Loading presentation...

Present Remotely

Send the link below via email or IM


Present to your audience

Start remote presentation

  • Invited audience members will follow you as you navigate and present
  • People invited to a presentation do not need a Prezi account
  • This link expires 10 minutes after you close the presentation
  • A maximum of 30 users can follow your presentation
  • Learn more about this feature in our knowledge base article

Do you really want to delete this prezi?

Neither you, nor the coeditors you shared it with will be able to recover it again.


Media and Child Development

No description

Meghan O.

on 2 May 2013

Comments (0)

Please log in to add your comment.

Report abuse

Transcript of Media and Child Development

Research on Media Media and
Child Development Television Violence and Its Effects on Young Children Books Thoughts on Media Social Development Brain Development Behavior Identity Works Cited Rafael Castaned
Gesline Dalys
Olivia Haddad
Nicole Klukken
Meghan Odendaal
Ben Voitl Simmons, Betty Jo, Kelly Stalsworth, and Heather Wentzel. "Television Violence and Its Effects on Young Children." Early Childhood Education Journal 26.3 (1999): 149-153. Academic Search Premier. Web. 21 Nov. 2012. Strasburger, Victor C. "Media and Children." JAMA: Journal Of The American Medical Association 301.21 (2009): 2265-2266. Web. 9 Nov. 2012. Buckingham, D. (2008). Youth, Identity, and Digital Media. The John D. and Catherine T. MacArthur Foundation Series on Digital Media and Learning. MIT Press Fisherkeller, J. (2002). Growing Up With Television: Everyday learning among young adolescents. Philadelphia: Temple Univeristy Press. Jones, G. (2003). Killing Monsters: Why Children Need Fantasy, Super Heroes, and Make-believe Violence. New York: Basic Books Gee, J.P. (2003). What Video Games Have To Teach Us About Learning and Literacy. New York: Palgrave MacMillan. Youth, Identity, and Digital Media by D. Buckingham

Growing Up With Television: Everyday Learning Among Young Adolescents by J. Fisherkeller

Killing Monsters: Why Children Need Fantasy, Super Heroes, and Make-Believe Violence by G. Jones

What Video Games Have to Teach Us About Learning and Literacy by J.P. Gee “Children who watched Power Rangers committed 7 times more aggressive acts than those who did not” Media and Children: What Needs To Happen Now "The media [is] not the leading cause of any pediatric health problem in the United States, but they do make a substantial contribution to many health problems, including the following: violence, aggressive behavior, eating disorders, sex, and drugs" "I find media to be more of a positive outlook for individuals because it keeps the world connected and technology gives us opportunity to learn, create and grow."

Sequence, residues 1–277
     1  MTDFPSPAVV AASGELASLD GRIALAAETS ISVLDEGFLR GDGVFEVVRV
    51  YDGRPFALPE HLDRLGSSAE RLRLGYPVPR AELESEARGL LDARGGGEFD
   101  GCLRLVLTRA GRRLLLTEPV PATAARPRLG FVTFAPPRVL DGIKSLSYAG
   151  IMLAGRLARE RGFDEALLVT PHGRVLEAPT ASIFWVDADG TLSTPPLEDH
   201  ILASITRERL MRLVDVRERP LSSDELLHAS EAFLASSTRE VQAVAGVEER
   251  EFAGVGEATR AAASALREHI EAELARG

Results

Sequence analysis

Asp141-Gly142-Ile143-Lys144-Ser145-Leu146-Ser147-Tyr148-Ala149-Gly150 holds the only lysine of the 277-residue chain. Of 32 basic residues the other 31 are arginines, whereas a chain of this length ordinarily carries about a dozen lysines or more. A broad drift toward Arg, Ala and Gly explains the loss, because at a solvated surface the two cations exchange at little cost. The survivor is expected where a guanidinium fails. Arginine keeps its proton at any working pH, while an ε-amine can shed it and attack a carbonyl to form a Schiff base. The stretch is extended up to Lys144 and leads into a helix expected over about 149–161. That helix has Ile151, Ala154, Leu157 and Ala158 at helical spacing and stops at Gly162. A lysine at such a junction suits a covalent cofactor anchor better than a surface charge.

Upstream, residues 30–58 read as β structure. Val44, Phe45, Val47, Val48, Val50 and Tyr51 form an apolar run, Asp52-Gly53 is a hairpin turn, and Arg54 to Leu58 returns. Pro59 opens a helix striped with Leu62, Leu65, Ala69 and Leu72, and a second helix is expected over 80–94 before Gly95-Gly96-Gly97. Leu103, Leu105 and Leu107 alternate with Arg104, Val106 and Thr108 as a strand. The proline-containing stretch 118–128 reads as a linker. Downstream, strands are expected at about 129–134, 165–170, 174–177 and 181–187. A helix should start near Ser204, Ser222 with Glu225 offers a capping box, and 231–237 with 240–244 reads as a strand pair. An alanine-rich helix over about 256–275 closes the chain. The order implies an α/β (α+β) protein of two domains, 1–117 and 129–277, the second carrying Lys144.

~NICOLE "...the most negative influence is social networking... [it takes] up a lot of my time and adds to my procrastination."
~Ben "...the age of the individuals that are watching plays a huge role. It’s important to understand the difference between bad and good..."
~Rafael "Media can be both good and bad but it also depends on how much media one individual is using."
~Olivia Identity dilemmas, - like Madonna consciously constructed, ironic sexual image
J. Fisherkeller

“Sports segregated the kids who excelled from the kids who didn’t. So did card games and complicated make-believe games, for that matter. But anyone could shoot and fall down dead.”
G. Jones

“Not all children are born into new technologies…there are still homes without computers or internet access; not every adolescent has a cell phone, an MP3 player, and a Game Cube or Play Station…it would be naïve to assume that all life is digital. Sports, arts, books, camping, bicycles, hobbies, offline games, and hanging out with friends offline are still a part of childhood for many.”
D. Buckingham Educational, pro-social requirements influenced "them" in preference for talk shows
J. Fisherkeller

“Today images, symbols, graphs, diagrams, artifacts, and many other visual symbols are particularly significant. Thus, the idea of different types of visual literacy is an important one”
J.P. Gee.

“What does it take just to play a game as an active learner? To do this the player must understand and produce situated meanings in the domain that this game, and games like it, constitutes”
J.P. Gee.

“Children are usually taught to compartmentalize their communication into either linear narrative or static portraits, but storytelling that is both visual and verbal leads them to transcend the compartments, to experience their thoughts and feelings more completely.
G. Jones

"Video games are potentially particularly good places where people can learn to situate meanings through embodied experiences in a complex semiotic domain and mediate on the process"
J.P. Gee Came to use TV basketball as a means of developing and supporting his identity as a male peer
J. Fisherkeller

“The child, through action and reflection, becomes a ‘self-teacher,’ ‘training’ his or her own mental networks of associations”
J.P. Gee

“As it turned out, I did grow up fairly cultured—or civilized, at least. I was as cooperative, bookish, and conscientious my parents could have wanted. But I carried that monster-slaying hero inside me the whole time.”
G. Jones Watching television for images to better their "future life”
J. Fisherkeller

A gamer takes on new identities when entering into virtual worlds.
J.P. Gee

“The boundaries between teens and babies are blurred and adults seem out of the loop altogether.”
D. Buckingham

“Like your identity, new technologies keep changing, converging, morphing—seemingly always in flux and like youth identities.”
D. Buckingham
Full transcript